April 6, 2021
"My Experience" Project: Weekly Submissions
Each week, we will feature experiences in our eBulletins collected through the “My Experience” Project. We encourage you to read each experience in its entirety, so it is viewed the way the participant intended. To read more experiences, complete self-reflection questions or submit your own experience, visit the Law Society Listens website.
"The last few months have been difficult ones. World events have forced me to reopen old wounds and personally engage with my experiences as a person of color, specifically as a black woman – and even more specifically as a black female lawyer in Alberta. But amidst the backdrop of this worldwide discussion on race, I could not help but notice the deafening silence of my profession as it relates to this issue.

Although I have lived my entire life being one of a handful of visible minorities in any environment I’ve ever been in, I have never felt less included, less represented and less welcome than I did in law school. It was abundantly clear that most of my classmates did not share my views nor were they even aware of the existence of the systemic challenges faced by a number of facets of our society. I heard through the grapevine that I had been labelled as a “militant” by classmates who had become aware of the community building and anti-racism work that I had been involved in my own community. I quickly realized that my success in this profession would require my silence and my assimilation..."

"Active harassment and passive racial discrimination have occurred throughout my experience in law. I am now 22 years at the Bar. I excelled at law school, practiced at prestigious national firms, currently hold an active successful inhouse practice and a small private consulting practice, teach at the university level, sit on tribunals, and a list of other accomplishments. My successes have been hard fought against a relentless tide of racialized discrimination starting from law school, articling, court appearances and well into private and in-house practice.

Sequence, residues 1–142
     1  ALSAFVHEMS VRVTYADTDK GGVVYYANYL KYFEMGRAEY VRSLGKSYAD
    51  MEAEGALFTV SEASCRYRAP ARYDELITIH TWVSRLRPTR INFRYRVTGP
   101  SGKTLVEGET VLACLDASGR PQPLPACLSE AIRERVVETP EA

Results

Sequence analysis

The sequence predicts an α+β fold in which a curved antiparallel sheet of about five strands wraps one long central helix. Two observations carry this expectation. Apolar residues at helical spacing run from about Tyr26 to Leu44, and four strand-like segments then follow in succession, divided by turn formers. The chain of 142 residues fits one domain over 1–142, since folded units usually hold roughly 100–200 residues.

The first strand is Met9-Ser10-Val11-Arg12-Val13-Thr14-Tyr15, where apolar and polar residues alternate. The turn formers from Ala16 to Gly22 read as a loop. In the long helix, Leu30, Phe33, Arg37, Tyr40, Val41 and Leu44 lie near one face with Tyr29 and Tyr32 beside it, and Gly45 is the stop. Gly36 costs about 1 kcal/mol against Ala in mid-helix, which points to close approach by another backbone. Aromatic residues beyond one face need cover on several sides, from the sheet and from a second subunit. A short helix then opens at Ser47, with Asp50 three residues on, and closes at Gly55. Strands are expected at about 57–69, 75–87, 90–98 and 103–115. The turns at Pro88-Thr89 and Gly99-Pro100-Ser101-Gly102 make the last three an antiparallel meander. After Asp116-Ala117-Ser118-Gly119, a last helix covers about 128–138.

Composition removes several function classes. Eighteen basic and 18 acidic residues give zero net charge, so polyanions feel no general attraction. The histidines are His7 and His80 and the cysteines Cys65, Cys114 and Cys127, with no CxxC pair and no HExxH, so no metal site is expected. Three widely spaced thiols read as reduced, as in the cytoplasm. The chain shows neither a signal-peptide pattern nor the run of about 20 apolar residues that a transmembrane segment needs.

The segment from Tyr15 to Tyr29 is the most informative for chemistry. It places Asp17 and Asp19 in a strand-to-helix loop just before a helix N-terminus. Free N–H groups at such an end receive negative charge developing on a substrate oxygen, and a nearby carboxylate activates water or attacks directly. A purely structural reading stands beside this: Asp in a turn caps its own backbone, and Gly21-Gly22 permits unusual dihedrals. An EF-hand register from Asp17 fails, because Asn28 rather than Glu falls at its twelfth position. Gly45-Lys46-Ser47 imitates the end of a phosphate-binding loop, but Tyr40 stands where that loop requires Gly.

The litany of “terrible experiences”, “bad manners”, millions of microaggressions, cultural dominance and outright racist acts I have witnessed, endured and perhaps myself, perpetuated, is long, and probably comparable to many other BIPOCs practicing law in Alberta and across the country. Believe me, I have too many racist experiences to recount. These stories are gutwrenching and run the risk of being counterproductively deflating to hear even if the shared experience makes it a little easier for BIPOCs to navigate a successful legal career...”

Court of Queen's Bench Announcement

Effective immediately, if you wish to serve a commencement document in a foreign country that is a Contracting State to the Hague Convention on the Service Abroad of Judicial and Extrajudicial Documents in Civil and Commercial Matters [the “Hague Service Convention”], you must comply with the Hague Service Convention requirements.

A commencement document is a statement of claim, an originating application, a counterclaim, a third-party claim, and a claim under the Family Law Act that starts a new proceeding (Form FL-10). Although a Joint Statement of Claim for Divorce is a commencement document, it does not need to be served, so the Hague Service Convention process does not apply.
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